Earnings for the 100 plans during the first three-quarters of that fiscal year totaled 3.49%, .45% and 4.29% respectively, more than 11.3% for the 12 months, against a median assumption rate of 7.5%. Nineteen of the plans were reported to have funded ratios higher than 90%, 60 plans had funded ratios between 60% and 90%, 21 plans had funded ratios lower than 60%, and nine plans remained under 40% funded, they said.
Interestingly, in a section of the report dealing with asset allocations (investment categories), Milliman pointed out that during the four-year period between 2012 and 2016 – including problematic investment periods – there was very little change in the investment stance of the plans, which “belies claims that public pensions are universally chasing higher returns by shifting into riskier investments.”
Also interesting, the National Association of State Retirement Administrators notes that total spending on U.S. state and local government retirement was 4.5% of their direct general spending in 2014. And, for the 30-year period between 1987 and 2016, investment earnings paid 60% of public pension revenues, while pension benefits created 7.1 million jobs and $1.2 trillion in economic output. ◾
The Public Pension Tug-of-War: Part 2
Public Pension Naysayers – Pulling Hard to Rein in Benefits
By Chris Heiserman, Director
Retirement plans public workers pay into their whole careers are under assault. Public pensions are berated for allegedly being too expensive and threatening to squeeze taxpayer-funded budgets and reduce revenues for basic services. The forces against traditional pensions that actually provide retired workers a reasonably secure retirement are gaining momentum and coalescing strategically around an alarmist narrative of misleading claims about the fiscal viability of public pension plans.
This cabal of public sector pension detractors asserts the following strident points in media headlines and articles, conservative think tank reports and seminars wherever anyone will listen:
- There is an imminent fiscal “crisis” in the unfunded liability status of most public pension systems and paying for retiree benefits will “crowd out” current needs;
- Public retiree benefits are too lucrative, citing the numbers of former government workers receiving six-figure annual pensions; and,
- The solutions are to curb benefits, close defined benefit pensions and put all public workers in 401(k) savings accounts.
No one is arguing that California elected leaders, taxpayers and public employees do not face serious fiscal challenges in catching up on their shares of unfunded liabilities in retirement funds and funding promised future benefits when workers retire. However, characterizing the situation as a “crisis” today is misleading considering the long term financial planning horizon for pension systems and the fact that deliberate steps to tackle the problem are being taken by the state and local governments.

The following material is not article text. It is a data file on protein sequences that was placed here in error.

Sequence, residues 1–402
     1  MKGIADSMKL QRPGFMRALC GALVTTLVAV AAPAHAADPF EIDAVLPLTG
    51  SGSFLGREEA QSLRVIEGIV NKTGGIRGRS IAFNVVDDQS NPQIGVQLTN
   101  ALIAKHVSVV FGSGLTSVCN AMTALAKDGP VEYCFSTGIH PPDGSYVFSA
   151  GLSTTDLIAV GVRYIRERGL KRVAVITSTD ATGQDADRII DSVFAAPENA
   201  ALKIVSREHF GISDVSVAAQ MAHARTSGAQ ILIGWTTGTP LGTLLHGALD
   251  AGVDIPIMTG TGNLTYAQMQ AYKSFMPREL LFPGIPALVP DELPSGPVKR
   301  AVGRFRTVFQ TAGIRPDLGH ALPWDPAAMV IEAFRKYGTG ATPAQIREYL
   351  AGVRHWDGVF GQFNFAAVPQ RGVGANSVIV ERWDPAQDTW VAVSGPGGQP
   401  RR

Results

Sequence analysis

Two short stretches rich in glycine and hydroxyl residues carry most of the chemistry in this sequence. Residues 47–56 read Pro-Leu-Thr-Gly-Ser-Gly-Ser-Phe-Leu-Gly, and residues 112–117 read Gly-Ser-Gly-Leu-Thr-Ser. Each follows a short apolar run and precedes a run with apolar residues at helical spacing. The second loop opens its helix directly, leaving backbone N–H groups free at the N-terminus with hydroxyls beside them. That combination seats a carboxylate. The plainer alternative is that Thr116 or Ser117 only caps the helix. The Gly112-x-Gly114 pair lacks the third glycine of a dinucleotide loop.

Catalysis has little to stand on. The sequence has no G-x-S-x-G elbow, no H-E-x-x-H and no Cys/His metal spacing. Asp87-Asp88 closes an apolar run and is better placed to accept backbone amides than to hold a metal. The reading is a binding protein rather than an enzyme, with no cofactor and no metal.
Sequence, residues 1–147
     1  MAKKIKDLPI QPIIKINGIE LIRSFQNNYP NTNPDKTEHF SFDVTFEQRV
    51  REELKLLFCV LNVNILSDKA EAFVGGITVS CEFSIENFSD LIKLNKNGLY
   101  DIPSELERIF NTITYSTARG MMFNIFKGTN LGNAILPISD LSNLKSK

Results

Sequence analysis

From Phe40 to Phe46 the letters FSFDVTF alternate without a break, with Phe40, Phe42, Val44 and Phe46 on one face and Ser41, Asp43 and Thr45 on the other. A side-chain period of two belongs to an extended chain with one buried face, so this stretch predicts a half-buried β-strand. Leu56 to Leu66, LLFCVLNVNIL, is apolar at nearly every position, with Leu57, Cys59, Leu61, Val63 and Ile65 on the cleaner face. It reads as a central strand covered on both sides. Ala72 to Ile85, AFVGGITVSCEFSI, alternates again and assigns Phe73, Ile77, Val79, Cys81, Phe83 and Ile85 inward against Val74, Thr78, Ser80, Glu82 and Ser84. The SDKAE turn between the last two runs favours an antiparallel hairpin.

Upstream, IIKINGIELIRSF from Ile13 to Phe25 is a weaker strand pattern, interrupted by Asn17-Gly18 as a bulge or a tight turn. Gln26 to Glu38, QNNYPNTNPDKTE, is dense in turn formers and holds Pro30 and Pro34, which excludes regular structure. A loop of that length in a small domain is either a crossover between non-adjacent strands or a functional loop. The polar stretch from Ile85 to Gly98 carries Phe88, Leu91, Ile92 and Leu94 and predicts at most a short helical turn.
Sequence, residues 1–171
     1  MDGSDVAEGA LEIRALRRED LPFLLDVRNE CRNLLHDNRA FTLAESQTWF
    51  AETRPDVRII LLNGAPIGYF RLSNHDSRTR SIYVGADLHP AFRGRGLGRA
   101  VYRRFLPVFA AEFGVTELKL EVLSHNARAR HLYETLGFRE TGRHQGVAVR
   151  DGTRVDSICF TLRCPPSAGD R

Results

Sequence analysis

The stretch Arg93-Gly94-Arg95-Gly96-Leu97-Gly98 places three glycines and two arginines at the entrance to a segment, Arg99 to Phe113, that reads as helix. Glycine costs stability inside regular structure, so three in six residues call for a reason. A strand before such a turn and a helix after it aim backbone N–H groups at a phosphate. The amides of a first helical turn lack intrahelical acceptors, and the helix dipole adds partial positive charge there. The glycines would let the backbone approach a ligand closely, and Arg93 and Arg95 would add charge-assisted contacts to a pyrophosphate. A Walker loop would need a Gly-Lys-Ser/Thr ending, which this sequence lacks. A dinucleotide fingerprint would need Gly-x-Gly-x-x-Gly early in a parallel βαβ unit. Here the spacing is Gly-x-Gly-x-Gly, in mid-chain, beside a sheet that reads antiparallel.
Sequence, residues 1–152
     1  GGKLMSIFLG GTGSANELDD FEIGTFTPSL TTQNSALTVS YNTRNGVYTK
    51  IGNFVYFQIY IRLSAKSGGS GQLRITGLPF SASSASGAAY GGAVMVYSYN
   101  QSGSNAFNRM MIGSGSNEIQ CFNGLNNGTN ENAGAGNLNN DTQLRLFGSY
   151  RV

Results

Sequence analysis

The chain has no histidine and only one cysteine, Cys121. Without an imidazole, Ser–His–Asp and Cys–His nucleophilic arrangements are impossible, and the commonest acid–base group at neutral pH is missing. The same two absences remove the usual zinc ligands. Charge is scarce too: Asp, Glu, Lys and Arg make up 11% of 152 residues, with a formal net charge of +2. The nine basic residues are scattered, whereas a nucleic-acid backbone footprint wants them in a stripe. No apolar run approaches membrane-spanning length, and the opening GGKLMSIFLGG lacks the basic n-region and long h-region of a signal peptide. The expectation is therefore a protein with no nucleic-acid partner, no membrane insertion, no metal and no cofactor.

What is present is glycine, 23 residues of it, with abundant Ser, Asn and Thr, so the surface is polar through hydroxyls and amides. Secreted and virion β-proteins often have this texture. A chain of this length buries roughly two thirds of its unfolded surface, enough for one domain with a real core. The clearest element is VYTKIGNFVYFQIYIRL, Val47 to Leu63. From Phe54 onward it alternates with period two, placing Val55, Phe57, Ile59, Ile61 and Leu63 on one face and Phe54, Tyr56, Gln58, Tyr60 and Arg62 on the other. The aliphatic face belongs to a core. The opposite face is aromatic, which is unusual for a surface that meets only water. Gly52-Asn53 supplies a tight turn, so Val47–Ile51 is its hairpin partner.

The California Legislature passed meaningful pension reforms five years ago requiring employees to share more in the cost of their pensions; and new hires after January 1, 2013 will receive reduced benefits and have to wait longer to retire. In addition, many public agency elected officials and union leaders are fashioning new labor agreements that adjust retirement benefit costs to protect the long term fiscal health of both pension funds and service delivery budgets.
In a recent offering from reason.com, a website affiliated with a Libertarian magazine, the headline read: “California’s Six-Figure Pension Club Has 62,000 Members.” The item referred to the thousands of state retirees receiving more than $100,000 annually and including clip art of a golden egg. Of course, there was no mention in the article that this group represents only three percent of the hundreds of thousands of former California workers getting benefits, or that the average annual pension is $33,528.
On the third point, I can only repeat what I said last month. Public pension opponents never argue that 401(k)s are going to produce retirement security; only that public sector workers should be saddled with the same unsatisfactory retirement savings option that most private sector employees are stuck with.
So who are these mean-spirited public pension critics who suggest that traditional retirement benefits are a metaphorical Golden Goose that should be slaughtered in the general public interest? A key pocket of the public pension resistance movement is affiliated with Stanford University, particularly a group of professors and policy analysts with the Stanford Institute for Economic Policy Research (SIEPR) often described in media articles as “experts.” In September SIEPR staged a day-long “invitation only” media workshop, “Understanding the Public Employee Pension Debate.” That event included numerous PowerPoint presentations on how public pension plans are governed and funded; however, the central message was the notion that the cost of public retirement benefits throughout California is “crowding out” spending on today’s services.